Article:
Today, Institute for Justice Legislative Counsel Lee McGrath released the following statement on Nebraska Gov. Pete Ricketts signing LB 1106, a sweeping reform of the state’s forfeiture laws:
“Civil forfeiture is one of the most serious assaults on due process and private property rights in America today. Today’s decision to abolish civil forfeiture will ensure that only convicted criminals—and not innocent Nebraskans—lose their property to forfeiture.”
“In light of the U.S. Justice Department’s misguided decision to revive its controversial ‘equitable sharing’ program, it is encouraging to see the governor sign a bill that bans transferring seized property in joint task forces or by adoption to federal law enforcement, unless it includes cash or property worth more than $25,000. For too long, local and state law enforcement have used equitable sharing to bypass Nebraska state law because the federal governments offers substantially higher payouts to law enforcement than what law enforcement receives under state law and is allowed by the Nebraska Constitution.”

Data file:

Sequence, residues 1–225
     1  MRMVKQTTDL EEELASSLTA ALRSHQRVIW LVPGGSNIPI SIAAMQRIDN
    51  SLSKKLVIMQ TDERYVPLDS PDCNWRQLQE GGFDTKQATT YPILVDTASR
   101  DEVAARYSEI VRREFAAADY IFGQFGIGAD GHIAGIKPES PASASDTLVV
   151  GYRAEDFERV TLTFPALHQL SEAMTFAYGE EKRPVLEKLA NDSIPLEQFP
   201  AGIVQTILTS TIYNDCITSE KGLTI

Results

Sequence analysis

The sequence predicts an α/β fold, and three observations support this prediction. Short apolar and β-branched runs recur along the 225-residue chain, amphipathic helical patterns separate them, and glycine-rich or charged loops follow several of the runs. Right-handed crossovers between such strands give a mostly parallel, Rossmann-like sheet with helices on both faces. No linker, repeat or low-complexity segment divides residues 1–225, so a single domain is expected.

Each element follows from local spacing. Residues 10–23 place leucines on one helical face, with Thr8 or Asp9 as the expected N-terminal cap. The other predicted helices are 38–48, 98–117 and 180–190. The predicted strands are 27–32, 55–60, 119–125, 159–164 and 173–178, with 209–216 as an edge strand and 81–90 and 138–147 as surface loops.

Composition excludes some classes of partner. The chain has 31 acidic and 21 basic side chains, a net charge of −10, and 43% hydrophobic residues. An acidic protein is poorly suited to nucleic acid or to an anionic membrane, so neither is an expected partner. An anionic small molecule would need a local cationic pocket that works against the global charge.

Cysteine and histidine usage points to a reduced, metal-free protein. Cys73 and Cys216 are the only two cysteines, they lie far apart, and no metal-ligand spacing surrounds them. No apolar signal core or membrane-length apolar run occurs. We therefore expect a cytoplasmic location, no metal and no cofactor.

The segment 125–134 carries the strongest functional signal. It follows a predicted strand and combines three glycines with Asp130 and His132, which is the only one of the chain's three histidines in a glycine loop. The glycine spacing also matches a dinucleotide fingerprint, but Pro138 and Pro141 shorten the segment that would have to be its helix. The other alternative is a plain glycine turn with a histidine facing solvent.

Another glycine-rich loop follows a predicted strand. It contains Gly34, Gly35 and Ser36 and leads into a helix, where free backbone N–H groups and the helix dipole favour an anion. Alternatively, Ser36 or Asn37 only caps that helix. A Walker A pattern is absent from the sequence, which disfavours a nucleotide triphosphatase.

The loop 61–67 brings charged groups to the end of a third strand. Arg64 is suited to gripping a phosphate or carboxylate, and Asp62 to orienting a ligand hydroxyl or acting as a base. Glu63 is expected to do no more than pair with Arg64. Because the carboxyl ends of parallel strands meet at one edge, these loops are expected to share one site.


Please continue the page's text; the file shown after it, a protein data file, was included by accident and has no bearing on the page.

Nebraska is now the tenth state to require a criminal conviction as a prerequisite for most or all forfeiture cases. Nebraska also joins New Mexico and the District of Columbia in taking significant action to opt out of equitable sharing. LB 1106 was sponsored by Sen. Tommy Garrett and passed the Nebraska Legislature by a vote of 38 to 8 last week.
A November 2015 report by the Institute for Justice, Policing for Profit, found that between 2000 and 2013, the Justice Department paid local and state agencies in Nebraska more than $48.3 million in equitable-sharing proceeds. In 2013, out of all properties seized for equitable sharing in Nebraska, 78 percent were valued at under $25,000.